Blockbusters are the new fracking!
Jodie Foster came of age in the 1970s, an era known for thriving independent films and auteur creativity, with her breakthrough role coming in Martin Scorsese's "Taxi Driver." So it's not too surprising to hear the two-time Oscar winner isn't that into the modern superhero blockbuster craze. She's doing a lot of directing now, including the "Arkangel" episode of "Black Mirror" Season 4, but she doesn't sound interested in joining the list of Marvel/DC/Lucasfilm directors.
In a new interview with Radio Times, Foster bemoaned movie studios' obsession with making big bucks with big blockbusters (and their endless sequels), often at the expense of quality:
"Going to the movies has become like a theme park. Studios making bad content in order to appeal to the masses and shareholders is like fracking - you get the best return right now but you wreck the earth.
It's ruining the viewing habits of the American population and then ultimately the rest of the world. I don't want to make $200 million movies about superheroes."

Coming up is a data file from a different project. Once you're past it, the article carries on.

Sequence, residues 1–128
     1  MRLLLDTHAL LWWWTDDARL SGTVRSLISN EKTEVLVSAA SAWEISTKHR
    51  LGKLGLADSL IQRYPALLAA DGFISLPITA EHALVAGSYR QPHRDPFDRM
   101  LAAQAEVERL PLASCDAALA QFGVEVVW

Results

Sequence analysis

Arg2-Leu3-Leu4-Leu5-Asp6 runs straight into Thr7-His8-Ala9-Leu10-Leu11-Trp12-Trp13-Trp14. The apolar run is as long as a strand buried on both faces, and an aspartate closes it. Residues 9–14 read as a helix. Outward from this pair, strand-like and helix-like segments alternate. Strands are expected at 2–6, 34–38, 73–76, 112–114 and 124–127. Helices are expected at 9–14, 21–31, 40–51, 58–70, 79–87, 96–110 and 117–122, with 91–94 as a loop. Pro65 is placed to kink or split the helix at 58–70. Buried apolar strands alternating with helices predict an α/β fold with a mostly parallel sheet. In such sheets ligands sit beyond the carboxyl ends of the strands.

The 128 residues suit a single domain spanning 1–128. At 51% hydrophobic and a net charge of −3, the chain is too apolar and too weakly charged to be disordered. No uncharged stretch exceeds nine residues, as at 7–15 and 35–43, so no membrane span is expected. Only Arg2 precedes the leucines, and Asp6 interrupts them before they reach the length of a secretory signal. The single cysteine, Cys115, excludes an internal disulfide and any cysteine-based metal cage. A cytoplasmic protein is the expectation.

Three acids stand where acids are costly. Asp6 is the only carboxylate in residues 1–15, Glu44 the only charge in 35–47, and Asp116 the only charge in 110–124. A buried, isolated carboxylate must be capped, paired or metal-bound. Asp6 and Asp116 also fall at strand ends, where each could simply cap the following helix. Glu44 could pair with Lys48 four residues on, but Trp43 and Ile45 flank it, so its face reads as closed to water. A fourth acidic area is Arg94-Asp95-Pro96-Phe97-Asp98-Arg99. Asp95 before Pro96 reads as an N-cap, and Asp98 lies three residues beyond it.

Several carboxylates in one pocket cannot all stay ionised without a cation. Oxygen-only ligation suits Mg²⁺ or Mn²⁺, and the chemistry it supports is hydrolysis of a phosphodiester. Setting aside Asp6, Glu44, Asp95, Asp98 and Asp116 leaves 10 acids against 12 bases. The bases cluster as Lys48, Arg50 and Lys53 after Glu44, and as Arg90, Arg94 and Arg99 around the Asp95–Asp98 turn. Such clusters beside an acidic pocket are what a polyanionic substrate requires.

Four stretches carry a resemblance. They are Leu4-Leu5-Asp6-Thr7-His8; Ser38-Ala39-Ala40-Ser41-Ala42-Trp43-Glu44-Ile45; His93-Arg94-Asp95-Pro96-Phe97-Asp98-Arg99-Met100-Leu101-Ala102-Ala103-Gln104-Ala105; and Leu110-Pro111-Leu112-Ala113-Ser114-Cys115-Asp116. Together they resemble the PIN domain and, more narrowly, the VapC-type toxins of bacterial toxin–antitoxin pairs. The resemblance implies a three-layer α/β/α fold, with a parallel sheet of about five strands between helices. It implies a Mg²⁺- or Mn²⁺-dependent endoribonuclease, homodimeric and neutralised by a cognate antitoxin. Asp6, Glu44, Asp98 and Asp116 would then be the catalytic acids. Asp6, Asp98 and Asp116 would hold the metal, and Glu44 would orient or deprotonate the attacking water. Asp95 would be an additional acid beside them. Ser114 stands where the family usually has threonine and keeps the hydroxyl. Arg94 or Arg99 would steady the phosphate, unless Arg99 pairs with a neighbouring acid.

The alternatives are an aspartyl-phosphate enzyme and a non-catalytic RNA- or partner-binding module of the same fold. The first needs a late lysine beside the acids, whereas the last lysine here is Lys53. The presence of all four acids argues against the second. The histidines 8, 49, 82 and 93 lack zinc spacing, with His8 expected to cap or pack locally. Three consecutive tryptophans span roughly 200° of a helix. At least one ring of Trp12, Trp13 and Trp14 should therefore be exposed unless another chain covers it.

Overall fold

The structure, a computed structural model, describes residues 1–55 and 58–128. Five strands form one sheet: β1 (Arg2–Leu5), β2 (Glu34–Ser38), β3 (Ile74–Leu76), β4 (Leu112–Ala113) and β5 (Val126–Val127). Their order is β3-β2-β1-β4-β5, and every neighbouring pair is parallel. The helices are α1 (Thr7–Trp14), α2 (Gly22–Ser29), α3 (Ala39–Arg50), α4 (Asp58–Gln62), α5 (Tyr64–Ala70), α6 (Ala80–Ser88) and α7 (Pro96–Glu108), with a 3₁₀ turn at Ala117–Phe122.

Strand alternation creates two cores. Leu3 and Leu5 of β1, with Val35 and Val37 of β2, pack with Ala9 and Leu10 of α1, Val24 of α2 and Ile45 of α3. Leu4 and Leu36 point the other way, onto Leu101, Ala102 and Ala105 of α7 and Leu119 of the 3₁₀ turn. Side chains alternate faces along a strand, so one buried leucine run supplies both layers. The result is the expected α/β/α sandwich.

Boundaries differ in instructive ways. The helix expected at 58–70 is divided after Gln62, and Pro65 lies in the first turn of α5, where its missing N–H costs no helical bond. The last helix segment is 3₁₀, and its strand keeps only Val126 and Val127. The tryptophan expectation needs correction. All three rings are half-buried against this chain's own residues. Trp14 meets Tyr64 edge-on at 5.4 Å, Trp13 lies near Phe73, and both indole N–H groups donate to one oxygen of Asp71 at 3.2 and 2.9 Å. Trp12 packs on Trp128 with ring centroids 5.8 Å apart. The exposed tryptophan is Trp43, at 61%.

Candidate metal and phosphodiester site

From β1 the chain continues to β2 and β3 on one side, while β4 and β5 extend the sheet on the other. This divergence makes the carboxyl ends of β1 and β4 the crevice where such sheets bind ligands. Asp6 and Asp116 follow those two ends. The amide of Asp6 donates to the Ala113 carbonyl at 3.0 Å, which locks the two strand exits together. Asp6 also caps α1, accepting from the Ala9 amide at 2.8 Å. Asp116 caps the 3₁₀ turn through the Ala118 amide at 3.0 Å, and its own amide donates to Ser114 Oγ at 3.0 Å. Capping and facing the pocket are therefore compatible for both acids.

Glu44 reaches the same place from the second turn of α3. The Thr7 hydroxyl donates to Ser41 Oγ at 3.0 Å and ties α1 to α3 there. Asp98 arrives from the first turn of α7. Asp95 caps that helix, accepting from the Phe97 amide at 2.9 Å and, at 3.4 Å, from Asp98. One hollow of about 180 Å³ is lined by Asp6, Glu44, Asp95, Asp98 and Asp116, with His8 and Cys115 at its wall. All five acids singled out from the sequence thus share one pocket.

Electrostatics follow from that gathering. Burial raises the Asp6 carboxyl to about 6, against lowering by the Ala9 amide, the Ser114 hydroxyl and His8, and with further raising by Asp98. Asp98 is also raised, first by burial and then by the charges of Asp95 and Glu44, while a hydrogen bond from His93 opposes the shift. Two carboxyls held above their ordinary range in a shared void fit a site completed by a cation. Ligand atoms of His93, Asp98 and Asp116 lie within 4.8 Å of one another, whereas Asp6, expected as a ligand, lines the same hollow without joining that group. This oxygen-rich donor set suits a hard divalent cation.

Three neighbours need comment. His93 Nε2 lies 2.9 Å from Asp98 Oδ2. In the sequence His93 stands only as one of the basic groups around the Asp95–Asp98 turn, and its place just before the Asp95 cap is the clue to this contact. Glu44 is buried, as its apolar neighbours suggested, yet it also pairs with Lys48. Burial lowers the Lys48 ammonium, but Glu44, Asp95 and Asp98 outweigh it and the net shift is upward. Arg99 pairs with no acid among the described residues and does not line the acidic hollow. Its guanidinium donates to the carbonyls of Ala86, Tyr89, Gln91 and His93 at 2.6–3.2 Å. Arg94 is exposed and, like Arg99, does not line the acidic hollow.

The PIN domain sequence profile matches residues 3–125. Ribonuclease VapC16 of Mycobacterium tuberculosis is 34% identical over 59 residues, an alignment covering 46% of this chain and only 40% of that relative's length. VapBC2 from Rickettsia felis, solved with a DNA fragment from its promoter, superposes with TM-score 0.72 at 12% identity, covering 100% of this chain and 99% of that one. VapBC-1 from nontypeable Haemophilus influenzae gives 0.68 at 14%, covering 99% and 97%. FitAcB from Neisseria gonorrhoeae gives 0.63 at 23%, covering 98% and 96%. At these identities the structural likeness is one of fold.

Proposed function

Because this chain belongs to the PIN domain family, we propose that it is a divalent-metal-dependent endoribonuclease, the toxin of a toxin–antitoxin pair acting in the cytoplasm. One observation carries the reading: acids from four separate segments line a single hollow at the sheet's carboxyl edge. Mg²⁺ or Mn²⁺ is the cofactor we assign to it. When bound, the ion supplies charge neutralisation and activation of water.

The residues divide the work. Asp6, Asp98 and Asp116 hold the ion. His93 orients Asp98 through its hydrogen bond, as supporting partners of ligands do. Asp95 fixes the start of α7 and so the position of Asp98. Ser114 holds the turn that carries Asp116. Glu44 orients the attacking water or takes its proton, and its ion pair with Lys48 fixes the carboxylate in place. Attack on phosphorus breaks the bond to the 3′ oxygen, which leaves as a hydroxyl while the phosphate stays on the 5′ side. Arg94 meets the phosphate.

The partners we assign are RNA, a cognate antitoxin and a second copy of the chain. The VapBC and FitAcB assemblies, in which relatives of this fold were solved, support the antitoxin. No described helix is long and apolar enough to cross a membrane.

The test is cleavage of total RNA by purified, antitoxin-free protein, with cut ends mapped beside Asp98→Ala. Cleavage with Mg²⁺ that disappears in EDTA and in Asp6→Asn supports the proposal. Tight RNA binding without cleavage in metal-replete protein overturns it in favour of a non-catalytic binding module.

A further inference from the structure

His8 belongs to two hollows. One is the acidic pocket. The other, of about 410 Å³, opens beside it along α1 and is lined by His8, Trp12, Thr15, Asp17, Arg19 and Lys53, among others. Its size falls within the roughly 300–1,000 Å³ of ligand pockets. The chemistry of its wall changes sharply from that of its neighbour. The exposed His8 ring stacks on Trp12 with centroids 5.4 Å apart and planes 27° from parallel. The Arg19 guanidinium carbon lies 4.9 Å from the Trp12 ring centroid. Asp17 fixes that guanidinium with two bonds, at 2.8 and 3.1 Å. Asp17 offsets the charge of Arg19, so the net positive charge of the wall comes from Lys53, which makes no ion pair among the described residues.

That said, when asked if she would ever consider making a movie about a superhero, Foster didn't completely shut out the idea. She said she'd only consider it if they had "really complex psychology."
Many superheroes at least claim to be complex. Bruce Wayne might qualify. But it's rare to see anyone make a superhero movie these days that isn't in the $200 million budget range, along with hefty marketing and merchandising budgets. It's never just about the storytelling.
There are smaller films out there, and they often get attention this time of year during awards season. But if you don't live in a major city those films can be tough to find. Instead, the local multiplex is more likely to have blockbusters playing on multiple screens. Any smaller film that makes the cut may get a week or two to compete before being pushed out. That's based not just on what fans want to pay to see, but what's put in front of them as an option to see. If you haven't even heard of a smaller movie like "Three Billboards Outside Ebbing, Missouri," you're less likely to see it than one you know more about.
But since superhero movies are extremely popular -- and "Avengers: Infinity War" is considered the most anticipated movie of 2018 -- Foster's words may just be dismissed.
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